- What to make of the Dolphins looking at Jonathan Taylor? Not much. Certainly not as much as made during it. They want a running back a low price. Nothing wrong with that. Taylor, especially, has prime years and less wear on his side compared to another one they looked at, Dalvin Cook. But no one was offering a No. 1 pick for Taylor as Indianapolis wanted. Beyond that, who wants to pay a running back top dollar right now? And beyond that: Did Colts owner Jim Irsay sound like someone wanting to free Taylor and watch him succeed elsewhere? Finally, the idea is to rent running backs — emphasis on running. If they can both run and catch the ball (meaning line up in the slot at times to cause mismatches and defensive shuffling), then they’re the kind of rare weapon this offense wants. Those kind of running backs — Josh Jacobs, Austin Ekeler and Christian McCaffrey come to mind — are fits for what the Dolphins want. Taylor hasn’t shown he’s that kind of back. So, the Dolphins put in a too-low bid to see if Indy would bite and walked away when it didn’t. Evidently, this unknown Team X people are talking about also walked away — if there ever was a Team X. Agents and teams can say anything under the cloak of anonymity. A lot of overdone talk for a player who remains Indianapolis’s headache.
2. Noah Igbinoghene got more chances to prove himself more than any player in Dolphins history. Three seasons and four offseasons for a player who never showed much (a game-saving pick against Pittsburgh was the high-note outlier). That’s the story of the player he was traded for, Kelvin Joseph, in Dallas, too. It’s a nothing-for-nothing trade in the hope something clicks for them. A Change-of-Scenery Special.
3.The Dolphins have some issues on the offensive line? Who doesn’t? The Bills have the best offensive line in the division, and they’re looking for depth at tackle. In fact, every team in the AFC East is either looking for help (Jets, Bills), has traded for moderate help (Patriots) or is crossing their fingers (Dolphins). Here’s the state of so many team’s lines: Dan Feeney, who the Dolphins signed this offseason for depth, showed nothing this summer and was traded to Chicago for a sixth-round pick. The Dolphins have thrown a full draft at the line over the past few years and still needed to sign two free agents. You’d hope it’d be better. But entering the season with questions at offensive line is the story of 80 percent of the NFL.
4. Buffalo was in on the Trey Lance talks, according to reports for a simple reason: Kyle Allen is their backup quarterback. Josh Allen is headed to the Hall of Fame. But behind him? They wanted Lance at a much cheaper price than Dallas paid to kick the tires on his possibilities.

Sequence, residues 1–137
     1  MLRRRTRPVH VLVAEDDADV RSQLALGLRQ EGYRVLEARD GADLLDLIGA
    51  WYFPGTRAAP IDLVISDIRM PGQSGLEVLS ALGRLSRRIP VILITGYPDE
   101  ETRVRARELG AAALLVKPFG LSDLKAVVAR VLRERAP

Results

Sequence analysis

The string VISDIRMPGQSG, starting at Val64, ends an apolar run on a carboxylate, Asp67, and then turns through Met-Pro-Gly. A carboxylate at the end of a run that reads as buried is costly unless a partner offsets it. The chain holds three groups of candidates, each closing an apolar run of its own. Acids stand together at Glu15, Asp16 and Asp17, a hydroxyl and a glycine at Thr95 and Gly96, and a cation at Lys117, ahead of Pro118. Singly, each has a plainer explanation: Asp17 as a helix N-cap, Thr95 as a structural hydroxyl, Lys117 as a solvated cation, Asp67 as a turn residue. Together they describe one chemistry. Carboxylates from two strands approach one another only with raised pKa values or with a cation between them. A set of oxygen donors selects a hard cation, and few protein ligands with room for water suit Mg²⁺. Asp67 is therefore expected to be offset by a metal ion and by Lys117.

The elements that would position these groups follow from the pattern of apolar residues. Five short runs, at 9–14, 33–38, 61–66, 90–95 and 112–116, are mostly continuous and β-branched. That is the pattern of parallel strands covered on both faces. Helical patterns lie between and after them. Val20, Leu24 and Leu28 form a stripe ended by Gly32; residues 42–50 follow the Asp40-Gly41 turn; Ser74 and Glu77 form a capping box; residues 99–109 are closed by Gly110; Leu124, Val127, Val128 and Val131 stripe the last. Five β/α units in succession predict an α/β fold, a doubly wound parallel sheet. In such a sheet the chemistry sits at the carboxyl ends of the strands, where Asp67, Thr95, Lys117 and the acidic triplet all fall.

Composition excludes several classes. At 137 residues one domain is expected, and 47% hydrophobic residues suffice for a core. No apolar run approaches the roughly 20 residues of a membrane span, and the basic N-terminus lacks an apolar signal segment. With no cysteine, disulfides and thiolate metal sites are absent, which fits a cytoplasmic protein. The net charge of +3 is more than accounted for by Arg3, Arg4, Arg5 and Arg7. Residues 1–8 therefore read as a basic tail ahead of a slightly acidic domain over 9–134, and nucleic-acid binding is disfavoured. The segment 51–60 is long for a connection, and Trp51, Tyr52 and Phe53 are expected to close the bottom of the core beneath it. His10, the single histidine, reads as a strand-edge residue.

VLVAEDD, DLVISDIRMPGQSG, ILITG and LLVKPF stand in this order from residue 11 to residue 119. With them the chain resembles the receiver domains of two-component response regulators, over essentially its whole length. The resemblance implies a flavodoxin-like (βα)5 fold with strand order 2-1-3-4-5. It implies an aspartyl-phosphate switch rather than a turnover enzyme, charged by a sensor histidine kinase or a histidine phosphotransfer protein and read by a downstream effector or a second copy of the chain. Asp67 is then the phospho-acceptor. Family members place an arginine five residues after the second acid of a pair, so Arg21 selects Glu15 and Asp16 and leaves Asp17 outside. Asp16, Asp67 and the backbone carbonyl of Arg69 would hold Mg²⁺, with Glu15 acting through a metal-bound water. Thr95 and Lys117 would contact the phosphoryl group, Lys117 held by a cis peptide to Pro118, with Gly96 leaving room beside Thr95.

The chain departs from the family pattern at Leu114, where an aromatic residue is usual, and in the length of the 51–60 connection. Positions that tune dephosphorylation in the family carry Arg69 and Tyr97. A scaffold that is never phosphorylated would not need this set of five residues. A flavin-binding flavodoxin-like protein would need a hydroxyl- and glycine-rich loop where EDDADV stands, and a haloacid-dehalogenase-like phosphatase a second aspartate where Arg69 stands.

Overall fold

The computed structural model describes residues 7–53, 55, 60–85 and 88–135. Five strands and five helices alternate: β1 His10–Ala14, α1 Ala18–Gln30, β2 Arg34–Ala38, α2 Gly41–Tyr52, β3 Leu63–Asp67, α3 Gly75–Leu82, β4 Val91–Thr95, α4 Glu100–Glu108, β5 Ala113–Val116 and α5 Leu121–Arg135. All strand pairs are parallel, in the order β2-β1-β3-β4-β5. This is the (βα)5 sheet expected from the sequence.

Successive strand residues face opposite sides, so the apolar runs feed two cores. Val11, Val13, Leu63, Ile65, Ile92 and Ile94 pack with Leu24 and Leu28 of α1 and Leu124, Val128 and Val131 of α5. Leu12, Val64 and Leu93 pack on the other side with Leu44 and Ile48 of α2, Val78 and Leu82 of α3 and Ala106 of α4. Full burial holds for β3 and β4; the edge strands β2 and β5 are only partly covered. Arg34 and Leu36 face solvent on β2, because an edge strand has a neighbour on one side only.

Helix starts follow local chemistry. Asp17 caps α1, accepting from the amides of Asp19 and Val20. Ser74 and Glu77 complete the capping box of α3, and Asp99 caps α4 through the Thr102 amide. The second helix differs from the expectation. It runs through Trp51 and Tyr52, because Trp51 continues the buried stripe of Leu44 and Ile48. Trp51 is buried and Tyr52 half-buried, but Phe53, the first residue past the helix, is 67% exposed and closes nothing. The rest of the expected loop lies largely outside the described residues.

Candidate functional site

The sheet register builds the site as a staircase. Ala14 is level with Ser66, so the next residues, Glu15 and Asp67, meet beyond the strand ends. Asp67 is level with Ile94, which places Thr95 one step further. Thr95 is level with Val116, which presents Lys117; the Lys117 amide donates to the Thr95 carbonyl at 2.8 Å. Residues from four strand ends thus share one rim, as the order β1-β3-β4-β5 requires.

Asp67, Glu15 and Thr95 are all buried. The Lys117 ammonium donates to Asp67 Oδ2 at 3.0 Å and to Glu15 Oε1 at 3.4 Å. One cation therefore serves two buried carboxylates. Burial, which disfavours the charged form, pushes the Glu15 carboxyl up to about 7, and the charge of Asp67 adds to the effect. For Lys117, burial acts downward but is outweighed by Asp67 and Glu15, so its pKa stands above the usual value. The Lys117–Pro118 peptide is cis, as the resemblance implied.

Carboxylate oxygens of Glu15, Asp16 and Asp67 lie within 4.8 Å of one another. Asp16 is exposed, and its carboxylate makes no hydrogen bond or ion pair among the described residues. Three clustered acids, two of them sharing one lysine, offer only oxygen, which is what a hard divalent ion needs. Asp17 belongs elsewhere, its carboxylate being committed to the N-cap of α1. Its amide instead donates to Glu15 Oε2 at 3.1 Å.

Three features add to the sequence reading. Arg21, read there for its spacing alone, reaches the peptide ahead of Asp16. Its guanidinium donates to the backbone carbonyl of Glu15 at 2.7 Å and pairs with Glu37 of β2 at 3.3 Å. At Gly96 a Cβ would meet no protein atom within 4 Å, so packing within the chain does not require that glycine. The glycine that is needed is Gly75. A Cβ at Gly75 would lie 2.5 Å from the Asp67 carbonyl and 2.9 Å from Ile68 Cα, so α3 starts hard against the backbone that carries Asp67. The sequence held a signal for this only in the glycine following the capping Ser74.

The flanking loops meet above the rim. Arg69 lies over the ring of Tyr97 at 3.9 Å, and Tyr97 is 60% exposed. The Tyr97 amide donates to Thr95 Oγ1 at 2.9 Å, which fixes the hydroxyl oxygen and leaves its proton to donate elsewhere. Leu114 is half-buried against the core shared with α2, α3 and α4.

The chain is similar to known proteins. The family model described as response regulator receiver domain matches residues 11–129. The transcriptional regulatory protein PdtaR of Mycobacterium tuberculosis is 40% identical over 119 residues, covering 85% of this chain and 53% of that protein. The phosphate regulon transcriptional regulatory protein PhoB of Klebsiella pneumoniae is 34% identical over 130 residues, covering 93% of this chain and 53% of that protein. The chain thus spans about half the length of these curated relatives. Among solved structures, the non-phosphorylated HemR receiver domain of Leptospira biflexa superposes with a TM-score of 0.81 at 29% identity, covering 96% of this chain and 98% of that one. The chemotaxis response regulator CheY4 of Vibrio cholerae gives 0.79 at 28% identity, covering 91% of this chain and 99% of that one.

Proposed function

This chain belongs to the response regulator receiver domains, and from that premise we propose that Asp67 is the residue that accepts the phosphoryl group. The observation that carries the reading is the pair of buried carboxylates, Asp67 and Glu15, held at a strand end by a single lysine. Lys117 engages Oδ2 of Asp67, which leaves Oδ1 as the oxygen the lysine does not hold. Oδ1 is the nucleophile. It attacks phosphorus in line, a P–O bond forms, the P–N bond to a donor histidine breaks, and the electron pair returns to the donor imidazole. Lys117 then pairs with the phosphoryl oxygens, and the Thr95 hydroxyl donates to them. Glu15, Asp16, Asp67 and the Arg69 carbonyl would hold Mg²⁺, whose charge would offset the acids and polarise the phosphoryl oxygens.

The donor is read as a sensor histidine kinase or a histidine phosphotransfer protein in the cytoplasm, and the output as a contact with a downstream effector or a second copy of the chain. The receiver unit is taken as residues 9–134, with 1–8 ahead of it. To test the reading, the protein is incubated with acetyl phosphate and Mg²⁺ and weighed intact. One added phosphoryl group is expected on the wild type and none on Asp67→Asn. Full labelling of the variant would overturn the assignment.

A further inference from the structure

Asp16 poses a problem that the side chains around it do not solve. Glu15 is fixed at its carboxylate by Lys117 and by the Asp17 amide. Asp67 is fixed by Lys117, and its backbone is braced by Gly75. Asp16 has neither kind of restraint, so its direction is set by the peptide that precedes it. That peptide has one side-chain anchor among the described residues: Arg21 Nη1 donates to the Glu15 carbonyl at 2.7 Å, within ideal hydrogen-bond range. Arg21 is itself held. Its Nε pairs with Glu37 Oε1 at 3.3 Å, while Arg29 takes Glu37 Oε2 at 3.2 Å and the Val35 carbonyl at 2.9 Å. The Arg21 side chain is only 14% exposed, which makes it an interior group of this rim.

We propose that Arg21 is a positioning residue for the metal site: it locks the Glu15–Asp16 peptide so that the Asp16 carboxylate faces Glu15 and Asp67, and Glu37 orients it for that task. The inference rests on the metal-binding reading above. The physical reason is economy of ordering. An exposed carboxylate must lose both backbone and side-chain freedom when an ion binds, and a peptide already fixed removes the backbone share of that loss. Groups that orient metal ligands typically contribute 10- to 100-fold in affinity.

5. With no Tremaine Edmunds at linebacker, no Von Miller at defensive end and questions across the secondary, the Buffalo defense is the easiest of the first four games for the Dolphins’ offense.
6. It’s Mac Jones’s show in New England. There’s no one else besides him at quarterback. Bill Belichick either doesn’t like Bailey Zappe and/or Malik Cunningham or thinks he can squeeze one through waivers to re-sign. The question of the day for them and every other team considering a waived player: Do you want to put him on your 53-man roster?
7. Everyone knows the Dolphins have a window of this year to win before the salary-cap gremlins will need tending. This isn’t a team built for five years but one, maybe two years. Listen to Belichick talk of the salary cap recently on WEEI in Boston:
“Cash spending isn’t really that relevant. It’s cap spending,” Belichick said. “So teams that spend a lot of cash one year probably don’t spend a lot of cash in the next year, because you just can’t sustain that. So we’ve had high years, we’ve had low years, but our cap spending has always been high. And that’s the most competitive position you can be in. So that’s really — the cash spending, there’s no cash cap. There’s a salary cap and we spend to the salary cap, that’s what’s important.”
Belichick said going “all in” with cash spending is not sustainable.
“Temporarily you can,’’ he said. “You can’t sustain it, no. I mean you can’t sustain the 20 years of success that we sustained by overspending every year without having to eventually pay those bills and play with a lesser team.
“So I think if you look at the teams that have done that, that’s kind of where some of them ended up. Jacksonville back in ’14, the Rams are going through it, Tampa’s going through it now. Not saying there’s anything right or wrong with it, it’s just a different way of doing things, and there’s a result for doing that.”
8. Only 13 teams had three quarterbacks after cut-down day. That means a lot of teams will be looking to add quarterbacks.
9. The prime optimism for the Dolphins remains their top-end talent. It’s fragile, but here. The disappointment with the Dolphins is they couldn’t develop much depth. Why? Well, they’ve had few picks the last two years due to trades and missed on too many picks, especially on the offensive line, when they were flush with picks. Simple as that.
10. It’s 12 days to the opener, and I can’t wait. But there’s a conflict to liking football this much knowing the end result is so many crushed bodies and minds, as I wrote in a column this week.